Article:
PLAGIARISM-PROOFING ASSIGNMENTS



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PLAGIARISM-PROOFING ASSIGNMENTS



Mr. Johnson has discovered that the higher the level of student engagement and creativity, the lower the probability of plagiarism. For teachers who would like to see such desirable results, he describes the characteristics of assignments that are most likely to produce them. WHEN I SEE stories in the media or on the Internet about rampant plagiarism, I am reminded of Joseph Malins’ poem “A Fence or an Ambulance.” This 1895 poem tells the story of a community that solves the problem of people falling over a cliff by providing an ambulance at the bottom. Initially, the community is pleased with this solution, but then, . . . an old sage remarked: “It’s a marvel to me That people give far more attention To repairing results than to stopping the cause, When they’d much better aim at prevention. “Let us stop at its source all this mischief,” cried he, “Come, neighbors and friends let us rally, If the cliff we will fence we might almost dispense With the ambulance down in the valley.” Educators expend much effort trying to “catch” plagiarism in student work. Teachers and library media specialists use various Web services and Internet search techniques to detect student work that is lifted from online sources. While such tools are necessary and can be effective, our time as educators would be better spent creating assignments that require original, thoughtful research and, therefore, minimize the likelihood of plagiarism in the first place. The following scenarios provide examples of projects that encourage students to do original work. Scenario one. Michael is a wonderful young man — handsome, intelligent, caring, and sweet. While Mike always completes his school assignments, he is perfunctory about them. On occasion, however, Mike gets very excited about his schoolwork — the school science fair is one of those times. He spends weekends conducting experiments, visiting the library, searching websites, making graphs, taking photos, and carefully designing presentation boards that illustrate his findings. In one of his best projects — completed in the fifth grade — Mike sought to identify which of several substances would melt ice the fastest. To make this determination, he drilled holes in the bottoms of four or five aluminum pie plates, taped over the holes, and then filled them with water. After freezing the pie plates, he removed the tape from the holes, carefully balanced the plates on measuring cups, spread a variety of materials on top of each icy pie, and then diligently recorded how much water dripped through the holes each hour. He presented his findings in spreadsheets and graphs that he designed. As part of his research he investigated facts about water, ice, and commercial deicers and used the information to verify his hypothesis. Finally, he practiced answering questions a judge might ask at the science fair itself. This is a fairly simple project that could be replicated easily with other students. Scenario two. Beth chose an interesting way for her eighth-grade students to learn about World War II. Instead of having the class read from a textbook, Beth asked volunteers from the community to come in and be interviewed by teams of students about the impact of the war on them as either military personnel or civilians. After carefully interviewing the volunteers, the students wrote a narrative, took digital photographs, and scanned WW II-era memorabilia into the computer. The students also explored Web-based references to research the topics and terms they learned about from the interviews.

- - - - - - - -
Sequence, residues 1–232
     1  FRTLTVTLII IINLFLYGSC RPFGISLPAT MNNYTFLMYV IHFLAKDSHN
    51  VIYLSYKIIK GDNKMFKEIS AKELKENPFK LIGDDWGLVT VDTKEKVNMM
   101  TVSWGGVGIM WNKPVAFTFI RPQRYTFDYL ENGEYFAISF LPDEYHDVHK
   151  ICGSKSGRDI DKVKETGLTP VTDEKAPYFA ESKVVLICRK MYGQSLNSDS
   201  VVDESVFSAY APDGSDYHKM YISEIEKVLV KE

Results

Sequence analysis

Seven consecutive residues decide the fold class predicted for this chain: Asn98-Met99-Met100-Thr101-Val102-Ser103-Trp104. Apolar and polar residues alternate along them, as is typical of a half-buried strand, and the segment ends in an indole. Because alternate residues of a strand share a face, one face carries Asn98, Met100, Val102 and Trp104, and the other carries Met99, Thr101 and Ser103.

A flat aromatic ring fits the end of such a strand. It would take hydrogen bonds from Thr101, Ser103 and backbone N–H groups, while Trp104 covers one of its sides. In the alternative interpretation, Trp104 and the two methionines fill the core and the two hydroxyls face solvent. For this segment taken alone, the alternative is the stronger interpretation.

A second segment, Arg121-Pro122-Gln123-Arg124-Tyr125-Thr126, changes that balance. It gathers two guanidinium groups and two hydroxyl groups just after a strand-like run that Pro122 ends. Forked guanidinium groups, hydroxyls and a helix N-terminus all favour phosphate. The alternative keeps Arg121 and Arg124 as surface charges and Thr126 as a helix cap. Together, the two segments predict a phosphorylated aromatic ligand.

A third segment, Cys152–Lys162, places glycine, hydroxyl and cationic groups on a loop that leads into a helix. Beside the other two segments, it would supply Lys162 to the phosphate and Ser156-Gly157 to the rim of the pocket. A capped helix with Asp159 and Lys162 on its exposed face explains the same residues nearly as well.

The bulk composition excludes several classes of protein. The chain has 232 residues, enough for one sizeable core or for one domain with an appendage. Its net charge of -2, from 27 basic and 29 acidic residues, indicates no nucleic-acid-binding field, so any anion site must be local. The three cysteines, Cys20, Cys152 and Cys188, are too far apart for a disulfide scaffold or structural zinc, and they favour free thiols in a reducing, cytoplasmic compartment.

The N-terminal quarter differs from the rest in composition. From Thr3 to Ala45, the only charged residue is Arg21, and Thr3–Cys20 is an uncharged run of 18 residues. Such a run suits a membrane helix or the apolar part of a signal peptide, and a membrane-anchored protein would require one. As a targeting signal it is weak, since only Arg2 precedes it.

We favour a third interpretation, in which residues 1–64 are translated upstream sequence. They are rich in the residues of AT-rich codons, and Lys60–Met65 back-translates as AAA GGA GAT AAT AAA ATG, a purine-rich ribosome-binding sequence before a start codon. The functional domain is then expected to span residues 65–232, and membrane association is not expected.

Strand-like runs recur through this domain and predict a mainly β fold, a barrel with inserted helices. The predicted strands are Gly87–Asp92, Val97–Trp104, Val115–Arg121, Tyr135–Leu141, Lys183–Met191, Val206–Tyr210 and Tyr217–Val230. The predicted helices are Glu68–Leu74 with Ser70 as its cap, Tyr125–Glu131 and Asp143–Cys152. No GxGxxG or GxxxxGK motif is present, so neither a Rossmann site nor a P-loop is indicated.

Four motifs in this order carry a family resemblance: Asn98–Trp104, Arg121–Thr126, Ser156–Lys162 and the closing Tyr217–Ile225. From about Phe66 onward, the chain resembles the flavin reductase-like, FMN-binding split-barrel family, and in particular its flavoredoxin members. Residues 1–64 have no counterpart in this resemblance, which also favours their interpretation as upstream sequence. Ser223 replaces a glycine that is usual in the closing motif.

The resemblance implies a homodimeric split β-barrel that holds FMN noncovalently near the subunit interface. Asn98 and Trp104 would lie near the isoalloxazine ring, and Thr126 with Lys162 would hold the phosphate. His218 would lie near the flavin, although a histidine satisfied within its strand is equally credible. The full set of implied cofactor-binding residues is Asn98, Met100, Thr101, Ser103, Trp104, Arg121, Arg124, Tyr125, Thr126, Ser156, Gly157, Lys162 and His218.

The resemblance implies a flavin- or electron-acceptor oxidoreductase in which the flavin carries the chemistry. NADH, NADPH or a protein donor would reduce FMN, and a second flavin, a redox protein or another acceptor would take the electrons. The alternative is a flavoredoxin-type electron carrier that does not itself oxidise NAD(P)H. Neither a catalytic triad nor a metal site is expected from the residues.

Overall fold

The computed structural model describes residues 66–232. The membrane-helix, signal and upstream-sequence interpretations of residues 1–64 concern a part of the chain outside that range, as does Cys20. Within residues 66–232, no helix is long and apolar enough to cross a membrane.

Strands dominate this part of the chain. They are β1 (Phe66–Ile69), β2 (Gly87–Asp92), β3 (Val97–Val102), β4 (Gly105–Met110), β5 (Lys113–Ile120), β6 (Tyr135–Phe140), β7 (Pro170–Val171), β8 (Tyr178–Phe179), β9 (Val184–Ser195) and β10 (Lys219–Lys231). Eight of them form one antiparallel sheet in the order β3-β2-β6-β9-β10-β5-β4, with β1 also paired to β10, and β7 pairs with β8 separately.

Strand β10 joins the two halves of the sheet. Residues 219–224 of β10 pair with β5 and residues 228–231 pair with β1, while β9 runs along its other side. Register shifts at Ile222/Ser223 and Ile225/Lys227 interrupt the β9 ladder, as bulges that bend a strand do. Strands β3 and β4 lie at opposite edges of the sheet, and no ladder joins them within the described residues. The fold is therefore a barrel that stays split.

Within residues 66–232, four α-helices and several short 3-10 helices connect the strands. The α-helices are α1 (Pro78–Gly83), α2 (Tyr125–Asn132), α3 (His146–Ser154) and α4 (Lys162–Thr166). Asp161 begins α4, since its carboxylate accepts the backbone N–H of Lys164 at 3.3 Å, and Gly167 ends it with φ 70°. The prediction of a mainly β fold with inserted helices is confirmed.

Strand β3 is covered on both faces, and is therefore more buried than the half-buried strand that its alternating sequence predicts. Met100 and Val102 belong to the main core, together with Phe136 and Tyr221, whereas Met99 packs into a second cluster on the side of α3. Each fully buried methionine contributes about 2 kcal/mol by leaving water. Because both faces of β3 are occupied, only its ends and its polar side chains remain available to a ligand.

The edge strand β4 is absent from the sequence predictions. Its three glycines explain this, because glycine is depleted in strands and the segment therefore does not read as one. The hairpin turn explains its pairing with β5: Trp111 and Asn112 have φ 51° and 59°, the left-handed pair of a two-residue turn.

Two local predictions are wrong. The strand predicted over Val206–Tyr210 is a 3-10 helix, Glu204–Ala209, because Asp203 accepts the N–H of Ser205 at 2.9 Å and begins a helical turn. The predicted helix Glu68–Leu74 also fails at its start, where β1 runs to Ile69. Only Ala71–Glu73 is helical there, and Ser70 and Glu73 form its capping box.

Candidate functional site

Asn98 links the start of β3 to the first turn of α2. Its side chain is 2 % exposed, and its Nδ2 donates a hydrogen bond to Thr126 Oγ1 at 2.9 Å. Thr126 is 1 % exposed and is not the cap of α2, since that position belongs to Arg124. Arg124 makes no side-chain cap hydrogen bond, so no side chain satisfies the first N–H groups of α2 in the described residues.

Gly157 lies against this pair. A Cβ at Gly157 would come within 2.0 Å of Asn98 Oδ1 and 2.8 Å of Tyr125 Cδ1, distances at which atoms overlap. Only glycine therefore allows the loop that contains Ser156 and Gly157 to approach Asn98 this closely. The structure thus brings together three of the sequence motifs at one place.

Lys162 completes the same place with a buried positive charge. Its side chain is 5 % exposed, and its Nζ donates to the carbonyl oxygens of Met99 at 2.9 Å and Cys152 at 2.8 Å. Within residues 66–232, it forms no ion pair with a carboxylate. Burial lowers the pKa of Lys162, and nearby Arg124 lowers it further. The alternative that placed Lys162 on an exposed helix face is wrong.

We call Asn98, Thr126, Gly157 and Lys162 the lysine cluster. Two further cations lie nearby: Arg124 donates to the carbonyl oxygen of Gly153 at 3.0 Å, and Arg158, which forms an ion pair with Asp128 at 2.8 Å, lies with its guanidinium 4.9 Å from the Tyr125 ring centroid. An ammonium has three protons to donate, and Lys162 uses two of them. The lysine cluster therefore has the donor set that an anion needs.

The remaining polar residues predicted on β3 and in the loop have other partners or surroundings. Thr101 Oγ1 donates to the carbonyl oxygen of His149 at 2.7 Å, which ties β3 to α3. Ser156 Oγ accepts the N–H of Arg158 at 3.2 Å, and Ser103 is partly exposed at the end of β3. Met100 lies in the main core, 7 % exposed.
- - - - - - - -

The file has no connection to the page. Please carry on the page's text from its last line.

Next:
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All Project Materials Inc. (2020). PLAGIARISM-PROOFING ASSIGNMENTS. Available at: https://researchcub.info/department/paper-8657.html. [Accessed: ].

PLAGIARISM-PROOFING ASSIGNMENTS


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Mr. Johnson has discovered that the higher the level of student engagement and creativity, the lower the probability of plagiarism. For teachers who would like to see such desirable results, he describes the characteristics of assignments that are most likely to produce them. WHEN I SEE stories in the media or on the Internet about rampant plagiarism, I am reminded of Joseph Malins’ poem “A Fence or an Ambulance.” This 1895 poem tells the story of a community that solves the problem of people falling over a cliff by providing an ambulance at the bottom. Initially, the community is pleased with this solution, but then, . . . an old sage remarked: “It’s a marvel to me That people give far more attention To repairing results than to stopping the cause, When they’d much better aim at prevention. “Let us stop at its source all this mischief,” cried he, “Come, neighbors and friends let us rally, If the cliff we will fence we might almost dispense With the ambulance down in the valley.” Educators expend much effort trying to “catch” plagiarism in student work. Teachers and library media specialists use various Web services and Internet search techniques to detect student work that is lifted from online sources. While such tools are necessary and can be effective, our time as educators would be better spent creating assignments that require original, thoughtful research and, therefore, minimize the likelihood of plagiarism in the first place. The following scenarios provide examples .. Click here for more

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